22 Jul 2016

NZs World-Beating Cycling Team

5:52 pm on 22 July 2016

Five World Champions headline the New Zealand cycling team bound for Rio.

Natasha Hansen, Ethan Mitchell, Sam Webster and Eddie Dawkins at the NZ Olympic sprint cycling team naming.

Natasha Hansen, Ethan Mitchell, Sam Webster and Eddie Dawkins at the NZ Olympic sprint cycling team naming. Photo: Photosport

New Zealand's track cycling team is spearheaded by the world champion sprint trio Eddie Dawkins, Ethan Mitchell and Sam Webster.

The sprint team recently won gold at the World Championships in London and have a wealth of experience at both the Commonwealth Games and Olympics.

Two years ago in Glasgow the trio won gold in the team sprint, while Webster won gold in the men's individual sprint and Dawkins silver.

The other two world champions are road cyclist Linda Villumsen and mountain biker Sam Gaze.

Villumsen faced a career turning point when she finished fourth at the London Olympics, beaten 1.83sec for bronze after being in the top-three for every time check.

Fighting back tears she vowed she would be back in four years as she switched focus to Rio.

After so many near misses she beat England's favourite Emma Pooley in the Commonwealth Games time trial in Glasgow in 2014 to claim gold.

Then Villumsen, who was born Denmark before becoming a New Zealand citizen in 2009, won the individual time trial at the UCI Road World Championships in Virginia last September.

The Christchurch rider had been on the podium five times in the time trial at the world champs before her breakthrough victory last year.

2015 world time trial champion Linda Villumsen.

2015 world time trial champion Linda Villumsen. Photo: PHOTOSPORT

Gaze claimed the sole mountain bike spot for New Zealand at Rio after taking out the under-23 world championship cross-country title in the Czech Republic in July.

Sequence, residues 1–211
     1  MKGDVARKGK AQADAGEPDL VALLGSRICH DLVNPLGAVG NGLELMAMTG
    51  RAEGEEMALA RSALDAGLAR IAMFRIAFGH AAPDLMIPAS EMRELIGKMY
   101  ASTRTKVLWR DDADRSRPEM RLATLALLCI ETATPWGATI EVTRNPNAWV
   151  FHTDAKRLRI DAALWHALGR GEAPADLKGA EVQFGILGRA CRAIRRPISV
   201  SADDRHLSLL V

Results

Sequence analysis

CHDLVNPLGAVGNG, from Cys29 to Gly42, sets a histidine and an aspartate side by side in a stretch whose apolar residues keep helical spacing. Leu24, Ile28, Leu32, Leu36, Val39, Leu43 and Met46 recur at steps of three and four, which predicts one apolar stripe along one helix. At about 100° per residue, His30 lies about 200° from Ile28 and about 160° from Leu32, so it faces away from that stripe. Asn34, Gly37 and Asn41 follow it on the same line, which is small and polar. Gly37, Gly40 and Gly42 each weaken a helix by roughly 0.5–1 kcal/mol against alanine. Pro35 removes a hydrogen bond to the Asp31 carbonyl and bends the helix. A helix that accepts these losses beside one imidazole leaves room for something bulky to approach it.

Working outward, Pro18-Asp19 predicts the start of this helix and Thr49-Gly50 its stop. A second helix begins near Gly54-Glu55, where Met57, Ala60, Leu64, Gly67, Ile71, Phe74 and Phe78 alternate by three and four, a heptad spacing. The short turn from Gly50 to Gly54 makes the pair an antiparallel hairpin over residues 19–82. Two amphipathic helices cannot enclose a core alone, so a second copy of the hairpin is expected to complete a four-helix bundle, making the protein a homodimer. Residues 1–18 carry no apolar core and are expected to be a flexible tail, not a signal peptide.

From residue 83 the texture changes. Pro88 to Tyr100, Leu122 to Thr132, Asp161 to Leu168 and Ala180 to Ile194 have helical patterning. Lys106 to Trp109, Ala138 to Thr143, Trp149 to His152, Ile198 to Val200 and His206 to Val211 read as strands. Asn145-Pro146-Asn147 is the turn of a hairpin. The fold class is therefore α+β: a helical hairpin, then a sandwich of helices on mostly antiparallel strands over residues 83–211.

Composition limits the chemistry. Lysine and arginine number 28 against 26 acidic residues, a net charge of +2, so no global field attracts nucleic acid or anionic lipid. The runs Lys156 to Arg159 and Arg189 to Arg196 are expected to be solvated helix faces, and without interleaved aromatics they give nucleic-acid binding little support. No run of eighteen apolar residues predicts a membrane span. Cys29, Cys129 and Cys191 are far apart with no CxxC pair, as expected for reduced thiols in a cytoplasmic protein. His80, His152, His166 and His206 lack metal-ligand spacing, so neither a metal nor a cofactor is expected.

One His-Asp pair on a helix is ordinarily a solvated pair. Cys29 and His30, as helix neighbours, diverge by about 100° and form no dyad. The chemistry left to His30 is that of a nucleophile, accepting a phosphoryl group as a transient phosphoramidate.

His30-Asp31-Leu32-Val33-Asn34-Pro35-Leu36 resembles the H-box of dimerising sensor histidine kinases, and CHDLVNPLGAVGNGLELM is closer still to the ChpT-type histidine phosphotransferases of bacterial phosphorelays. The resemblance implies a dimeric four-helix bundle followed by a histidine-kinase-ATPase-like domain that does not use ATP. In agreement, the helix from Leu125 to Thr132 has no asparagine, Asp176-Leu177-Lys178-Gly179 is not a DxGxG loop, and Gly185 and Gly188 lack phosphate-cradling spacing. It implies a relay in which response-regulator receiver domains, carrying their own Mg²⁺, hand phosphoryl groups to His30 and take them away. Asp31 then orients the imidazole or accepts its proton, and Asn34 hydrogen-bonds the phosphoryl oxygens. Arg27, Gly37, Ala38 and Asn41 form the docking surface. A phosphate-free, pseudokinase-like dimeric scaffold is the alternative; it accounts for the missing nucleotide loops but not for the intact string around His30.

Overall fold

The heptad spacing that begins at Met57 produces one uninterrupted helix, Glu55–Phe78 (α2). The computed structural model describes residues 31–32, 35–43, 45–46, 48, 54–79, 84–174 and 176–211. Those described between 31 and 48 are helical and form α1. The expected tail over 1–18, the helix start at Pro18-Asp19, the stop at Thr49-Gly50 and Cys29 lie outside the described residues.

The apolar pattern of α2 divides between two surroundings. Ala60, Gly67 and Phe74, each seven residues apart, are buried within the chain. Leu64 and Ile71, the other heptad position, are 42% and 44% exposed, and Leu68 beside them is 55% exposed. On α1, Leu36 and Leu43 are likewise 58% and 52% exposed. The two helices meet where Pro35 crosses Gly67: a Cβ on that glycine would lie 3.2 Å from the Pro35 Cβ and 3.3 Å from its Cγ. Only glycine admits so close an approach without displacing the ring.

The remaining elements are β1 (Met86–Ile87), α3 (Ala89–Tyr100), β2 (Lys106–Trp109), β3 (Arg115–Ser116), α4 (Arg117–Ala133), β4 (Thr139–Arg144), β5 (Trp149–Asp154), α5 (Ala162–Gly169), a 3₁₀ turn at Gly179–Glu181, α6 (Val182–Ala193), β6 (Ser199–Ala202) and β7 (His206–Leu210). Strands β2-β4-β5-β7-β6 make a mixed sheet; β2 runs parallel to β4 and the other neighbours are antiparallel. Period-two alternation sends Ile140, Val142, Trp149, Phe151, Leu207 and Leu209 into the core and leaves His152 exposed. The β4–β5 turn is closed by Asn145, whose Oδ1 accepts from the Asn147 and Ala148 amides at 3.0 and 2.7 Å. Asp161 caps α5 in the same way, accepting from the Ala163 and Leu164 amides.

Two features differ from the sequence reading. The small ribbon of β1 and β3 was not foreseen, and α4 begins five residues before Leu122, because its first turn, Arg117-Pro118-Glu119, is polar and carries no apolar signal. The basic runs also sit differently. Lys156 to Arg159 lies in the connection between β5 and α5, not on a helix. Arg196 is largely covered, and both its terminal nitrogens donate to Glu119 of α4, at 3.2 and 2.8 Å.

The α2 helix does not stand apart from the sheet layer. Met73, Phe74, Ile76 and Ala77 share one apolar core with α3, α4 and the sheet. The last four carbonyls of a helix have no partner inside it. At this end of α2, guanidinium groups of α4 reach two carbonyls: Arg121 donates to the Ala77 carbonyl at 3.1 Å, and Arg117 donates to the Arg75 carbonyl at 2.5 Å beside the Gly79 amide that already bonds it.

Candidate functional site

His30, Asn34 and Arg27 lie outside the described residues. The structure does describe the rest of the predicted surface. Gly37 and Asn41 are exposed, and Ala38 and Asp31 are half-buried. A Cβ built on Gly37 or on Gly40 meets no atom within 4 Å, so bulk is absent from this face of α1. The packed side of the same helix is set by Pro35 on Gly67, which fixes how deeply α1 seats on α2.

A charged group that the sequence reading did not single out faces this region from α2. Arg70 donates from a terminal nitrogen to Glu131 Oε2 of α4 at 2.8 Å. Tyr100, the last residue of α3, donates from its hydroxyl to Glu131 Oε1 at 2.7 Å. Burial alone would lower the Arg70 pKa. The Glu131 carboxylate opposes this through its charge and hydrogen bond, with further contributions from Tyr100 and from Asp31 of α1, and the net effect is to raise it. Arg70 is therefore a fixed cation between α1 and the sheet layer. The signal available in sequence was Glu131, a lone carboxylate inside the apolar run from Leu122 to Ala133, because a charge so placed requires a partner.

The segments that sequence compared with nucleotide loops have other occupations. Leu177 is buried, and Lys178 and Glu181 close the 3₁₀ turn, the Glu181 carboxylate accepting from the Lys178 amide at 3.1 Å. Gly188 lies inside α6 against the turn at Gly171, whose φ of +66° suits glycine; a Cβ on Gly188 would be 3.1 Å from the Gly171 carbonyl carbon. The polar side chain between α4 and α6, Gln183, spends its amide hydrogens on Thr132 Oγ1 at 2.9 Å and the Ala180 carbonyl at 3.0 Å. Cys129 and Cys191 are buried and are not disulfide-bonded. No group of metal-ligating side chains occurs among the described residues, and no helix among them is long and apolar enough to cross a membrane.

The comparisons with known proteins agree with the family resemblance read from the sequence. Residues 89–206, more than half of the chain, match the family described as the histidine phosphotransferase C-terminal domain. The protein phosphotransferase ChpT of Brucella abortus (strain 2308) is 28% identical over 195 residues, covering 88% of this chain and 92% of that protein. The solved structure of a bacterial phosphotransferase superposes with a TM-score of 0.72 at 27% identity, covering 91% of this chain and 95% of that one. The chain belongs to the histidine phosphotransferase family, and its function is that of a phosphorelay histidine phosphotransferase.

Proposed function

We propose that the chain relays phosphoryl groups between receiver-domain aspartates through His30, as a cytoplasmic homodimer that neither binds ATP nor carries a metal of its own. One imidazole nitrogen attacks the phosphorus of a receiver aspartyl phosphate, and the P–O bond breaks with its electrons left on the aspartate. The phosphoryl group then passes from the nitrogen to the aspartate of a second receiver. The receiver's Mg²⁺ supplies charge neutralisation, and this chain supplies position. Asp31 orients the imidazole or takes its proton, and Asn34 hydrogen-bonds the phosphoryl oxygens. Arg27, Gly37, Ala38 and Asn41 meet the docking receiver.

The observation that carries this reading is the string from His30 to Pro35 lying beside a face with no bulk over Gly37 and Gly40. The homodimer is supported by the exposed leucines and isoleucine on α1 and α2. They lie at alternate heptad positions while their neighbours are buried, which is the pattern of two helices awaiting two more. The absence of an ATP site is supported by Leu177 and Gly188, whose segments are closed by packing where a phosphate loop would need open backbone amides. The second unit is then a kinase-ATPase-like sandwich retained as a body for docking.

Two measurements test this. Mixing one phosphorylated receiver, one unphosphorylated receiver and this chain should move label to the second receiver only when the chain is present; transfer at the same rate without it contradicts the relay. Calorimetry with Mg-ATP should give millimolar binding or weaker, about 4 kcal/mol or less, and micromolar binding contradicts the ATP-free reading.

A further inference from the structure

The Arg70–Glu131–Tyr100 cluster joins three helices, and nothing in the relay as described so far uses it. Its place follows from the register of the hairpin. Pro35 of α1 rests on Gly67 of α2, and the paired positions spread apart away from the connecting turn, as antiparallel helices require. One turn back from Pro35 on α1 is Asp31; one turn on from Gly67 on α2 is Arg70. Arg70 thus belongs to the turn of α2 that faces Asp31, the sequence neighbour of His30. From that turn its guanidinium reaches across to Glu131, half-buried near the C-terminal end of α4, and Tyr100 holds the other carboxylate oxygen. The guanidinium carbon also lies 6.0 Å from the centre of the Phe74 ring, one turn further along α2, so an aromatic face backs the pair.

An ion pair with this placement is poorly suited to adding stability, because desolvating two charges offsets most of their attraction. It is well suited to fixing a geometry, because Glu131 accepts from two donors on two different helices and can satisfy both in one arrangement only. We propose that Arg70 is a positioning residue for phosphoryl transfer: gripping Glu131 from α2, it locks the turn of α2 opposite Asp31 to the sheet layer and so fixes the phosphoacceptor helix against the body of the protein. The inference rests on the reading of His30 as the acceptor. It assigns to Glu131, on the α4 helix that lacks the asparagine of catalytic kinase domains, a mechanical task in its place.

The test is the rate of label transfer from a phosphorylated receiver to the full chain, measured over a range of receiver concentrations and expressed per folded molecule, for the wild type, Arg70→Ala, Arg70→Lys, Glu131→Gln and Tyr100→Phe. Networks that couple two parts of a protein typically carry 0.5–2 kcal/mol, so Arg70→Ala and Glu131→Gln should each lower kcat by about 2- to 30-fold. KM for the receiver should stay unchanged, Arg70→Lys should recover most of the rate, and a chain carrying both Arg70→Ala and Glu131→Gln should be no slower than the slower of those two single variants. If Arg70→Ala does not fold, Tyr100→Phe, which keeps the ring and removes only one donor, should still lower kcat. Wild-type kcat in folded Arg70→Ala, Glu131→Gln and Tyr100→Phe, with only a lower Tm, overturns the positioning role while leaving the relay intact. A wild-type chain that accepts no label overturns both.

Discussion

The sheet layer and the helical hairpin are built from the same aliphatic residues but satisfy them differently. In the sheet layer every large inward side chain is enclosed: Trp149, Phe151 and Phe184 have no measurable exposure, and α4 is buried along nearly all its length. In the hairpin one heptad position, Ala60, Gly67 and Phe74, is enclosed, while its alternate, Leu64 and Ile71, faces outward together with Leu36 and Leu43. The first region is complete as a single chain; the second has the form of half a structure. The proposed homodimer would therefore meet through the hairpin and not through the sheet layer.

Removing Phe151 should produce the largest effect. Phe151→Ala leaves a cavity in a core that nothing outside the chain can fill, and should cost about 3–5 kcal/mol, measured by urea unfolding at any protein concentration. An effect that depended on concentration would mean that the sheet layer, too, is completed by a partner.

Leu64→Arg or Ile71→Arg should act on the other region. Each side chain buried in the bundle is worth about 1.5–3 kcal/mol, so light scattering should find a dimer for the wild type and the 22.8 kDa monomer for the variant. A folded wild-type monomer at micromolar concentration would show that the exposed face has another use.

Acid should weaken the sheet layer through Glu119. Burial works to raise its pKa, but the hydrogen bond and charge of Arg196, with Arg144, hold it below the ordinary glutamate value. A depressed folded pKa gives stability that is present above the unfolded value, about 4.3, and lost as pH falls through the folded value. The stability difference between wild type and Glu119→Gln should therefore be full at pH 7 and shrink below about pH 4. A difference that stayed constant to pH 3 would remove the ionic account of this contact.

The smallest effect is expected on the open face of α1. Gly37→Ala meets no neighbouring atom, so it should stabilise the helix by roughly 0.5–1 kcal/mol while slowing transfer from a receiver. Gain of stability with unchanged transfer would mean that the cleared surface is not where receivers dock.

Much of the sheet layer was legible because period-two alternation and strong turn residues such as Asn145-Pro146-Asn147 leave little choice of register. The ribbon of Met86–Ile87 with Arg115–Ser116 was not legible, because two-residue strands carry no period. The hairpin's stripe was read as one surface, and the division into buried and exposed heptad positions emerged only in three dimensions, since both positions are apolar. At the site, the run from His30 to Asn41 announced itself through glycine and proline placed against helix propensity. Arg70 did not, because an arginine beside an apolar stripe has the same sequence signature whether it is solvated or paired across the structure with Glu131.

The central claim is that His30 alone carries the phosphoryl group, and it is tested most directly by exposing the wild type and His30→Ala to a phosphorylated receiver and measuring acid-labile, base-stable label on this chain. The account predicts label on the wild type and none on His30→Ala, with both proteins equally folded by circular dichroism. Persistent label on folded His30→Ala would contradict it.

The 20-year-old won silver at the Commonwealth Games in Glasgow in 2014, finishing second to fellow New Zealander Anton Cooper.

Natasha Hansen was the first female cyclist to be confirmed for Rio and she will be attending her second Olympics after a stunning rise in international rankings over the last 12 months.

The 26-year-old left the sport after her London Olympic debut but returned full-time last year. She was sixth fastest in qualifying in the individual sprint and finished fifth overall at this year's world championships.

Most of the competition for places in the track team, limited by cycling's ruling body to eight men and seven women, centred on the endurance squads to compete in the team pursuit and six-discipline omnium.

The squads of seven riders, who have been preparing in USA and Europe, have been trimmed to a final five for Rio.

The men's team pursuit combination is Piet Bulling (Invercargill), Regan Gough (Waipukurau) and Dylan Kennett (Waimate), all part of the winning team pursuit at the 2015 worlds, along with London medallist Aaron Gate (Auckland) and double Beijing medallist Hayden Roulston (Ashburton).

The women's endurance group has settled on the five riders who were third fastest in qualifying at the 2016 world championships. The Waikato trio Rushlee Buchanan, Jaime Nielsen and Racquel Sheath, are joined by mid-Canterbury's Lauren Ellis and Auckland's Georgia Williams.

Nelson rider George Bennett will make his Olympic debut as the only New Zealand rider in the men's road race.

The LottoNL-Jumbo World Tour rider is a noted climber which will be a key asset on a course in Rio that is reported so tough that the likes of world champion Peter Sagan has decided not to race.

The team is rounded out by Canterbury teenager Olivia Podmore, a junior world championship medallist, who has been added to form a team sprint combination with Natasha Hansen.

New Zealand has only won seven cycling medals at the Olympics with the sole gold won by Sarah Ulmer (Individual pursuit) at Athens in 2004.